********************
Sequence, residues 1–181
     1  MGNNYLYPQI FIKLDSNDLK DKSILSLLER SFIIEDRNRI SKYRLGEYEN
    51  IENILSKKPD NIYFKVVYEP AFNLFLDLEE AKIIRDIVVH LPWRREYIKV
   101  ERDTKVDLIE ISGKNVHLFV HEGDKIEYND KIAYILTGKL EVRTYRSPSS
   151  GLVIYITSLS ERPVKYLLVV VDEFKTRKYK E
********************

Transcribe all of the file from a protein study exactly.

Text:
Sequence, residues 1–181
     1  MGNNYLYPQI FIKLDSNDLK DKSILSLLER SFIIEDRNRI SKYRLGEYEN
    51  IENILSKKPD NIYFKVVYEP AFNLFLDLEE AKIIRDIVVH LPWRREYIKV
   101  ERDTKVDLIE ISGKNVHLFV HEGDKIEYND KIAYILTGKL EVRTYRSPSS
   151  GLVIYITSLS ERPVKYLLVV VDEFKTRKYK E